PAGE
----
While attackers in protected jurisdictions continue to get massive sums for continuing to breach organizations, the ransomware threat will only continue to grow.
Major ransomware attacks that have disrupted businesses and caused supply chain ripples in the US economy have led to renewed calls for making it illegal to pay a ransom to cybercriminals.
In June, a month after oil and gas transport network Colonial Pipeline and meat producer JBS USA paid massive ransoms of $4.4 million and $11 million, respectively, to recover from attacks, FBI Director Christopher Wray told public companies that they should not pay cybercriminals for the digital keys to decrypt their data. “In general, we would discourage paying the ransom because it encourages more of these attacks, and frankly, there is no guarantee whatsoever that you are going to get your data back,” Wray said during a US Senate Committee on Appropriations hearing on June 23.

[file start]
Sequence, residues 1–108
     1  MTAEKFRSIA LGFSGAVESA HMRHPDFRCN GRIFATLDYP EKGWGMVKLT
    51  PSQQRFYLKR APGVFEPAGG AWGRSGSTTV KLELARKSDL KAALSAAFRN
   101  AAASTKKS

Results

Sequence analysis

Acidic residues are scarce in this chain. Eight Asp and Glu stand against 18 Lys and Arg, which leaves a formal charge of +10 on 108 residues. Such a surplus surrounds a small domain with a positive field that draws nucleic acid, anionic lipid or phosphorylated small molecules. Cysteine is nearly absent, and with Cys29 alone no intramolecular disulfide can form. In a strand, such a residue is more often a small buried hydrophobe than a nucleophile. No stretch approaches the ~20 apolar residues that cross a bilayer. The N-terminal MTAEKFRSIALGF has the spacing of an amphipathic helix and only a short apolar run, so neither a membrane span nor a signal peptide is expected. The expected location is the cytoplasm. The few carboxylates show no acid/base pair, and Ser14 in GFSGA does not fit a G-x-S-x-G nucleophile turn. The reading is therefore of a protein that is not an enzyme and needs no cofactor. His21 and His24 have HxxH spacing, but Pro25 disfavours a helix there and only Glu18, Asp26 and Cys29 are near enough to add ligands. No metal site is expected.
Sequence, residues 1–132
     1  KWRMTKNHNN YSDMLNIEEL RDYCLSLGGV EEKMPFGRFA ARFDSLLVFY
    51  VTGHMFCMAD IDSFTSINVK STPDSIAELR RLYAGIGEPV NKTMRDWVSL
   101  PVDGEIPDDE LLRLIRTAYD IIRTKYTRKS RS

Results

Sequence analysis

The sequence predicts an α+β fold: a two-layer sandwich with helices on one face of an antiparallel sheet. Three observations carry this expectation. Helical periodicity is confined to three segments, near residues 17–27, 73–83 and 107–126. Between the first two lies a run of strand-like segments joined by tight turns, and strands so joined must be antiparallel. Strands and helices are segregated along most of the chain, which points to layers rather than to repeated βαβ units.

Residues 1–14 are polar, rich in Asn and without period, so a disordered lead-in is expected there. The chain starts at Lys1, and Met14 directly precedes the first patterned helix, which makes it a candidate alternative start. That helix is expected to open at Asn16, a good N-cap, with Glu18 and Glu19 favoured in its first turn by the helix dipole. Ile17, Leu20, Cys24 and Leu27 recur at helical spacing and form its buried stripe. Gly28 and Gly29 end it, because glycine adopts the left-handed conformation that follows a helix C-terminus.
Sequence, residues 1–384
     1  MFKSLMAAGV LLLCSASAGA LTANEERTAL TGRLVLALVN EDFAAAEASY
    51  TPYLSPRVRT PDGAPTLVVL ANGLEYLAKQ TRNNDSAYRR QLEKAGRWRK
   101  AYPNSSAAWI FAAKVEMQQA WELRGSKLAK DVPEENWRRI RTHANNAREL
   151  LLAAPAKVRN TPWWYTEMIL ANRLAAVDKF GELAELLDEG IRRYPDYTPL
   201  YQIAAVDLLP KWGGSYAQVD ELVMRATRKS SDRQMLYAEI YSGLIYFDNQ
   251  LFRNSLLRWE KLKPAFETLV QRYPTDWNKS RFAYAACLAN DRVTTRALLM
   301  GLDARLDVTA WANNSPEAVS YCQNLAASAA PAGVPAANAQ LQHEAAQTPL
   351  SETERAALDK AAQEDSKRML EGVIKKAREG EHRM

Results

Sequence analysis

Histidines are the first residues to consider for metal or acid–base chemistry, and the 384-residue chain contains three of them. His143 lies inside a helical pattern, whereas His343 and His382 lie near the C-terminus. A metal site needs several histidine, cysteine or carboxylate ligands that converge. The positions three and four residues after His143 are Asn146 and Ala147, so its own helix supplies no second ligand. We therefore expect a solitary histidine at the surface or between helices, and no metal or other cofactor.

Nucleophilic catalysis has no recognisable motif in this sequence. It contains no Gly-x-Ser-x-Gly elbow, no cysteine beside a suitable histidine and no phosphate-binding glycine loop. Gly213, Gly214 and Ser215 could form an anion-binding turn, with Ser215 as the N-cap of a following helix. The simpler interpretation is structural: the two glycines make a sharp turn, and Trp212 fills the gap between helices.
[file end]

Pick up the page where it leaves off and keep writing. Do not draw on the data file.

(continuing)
Some security experts are urging the government to go further and, despite the difficulties in enforcing such a law, make it illegal to pay ransoms to ransomware groups. Mike Hamilton, founder and chief information security officer at Critical Insight, a cybersecurity service provider, says that recent events have hardened his opinion and increased his support for such an option.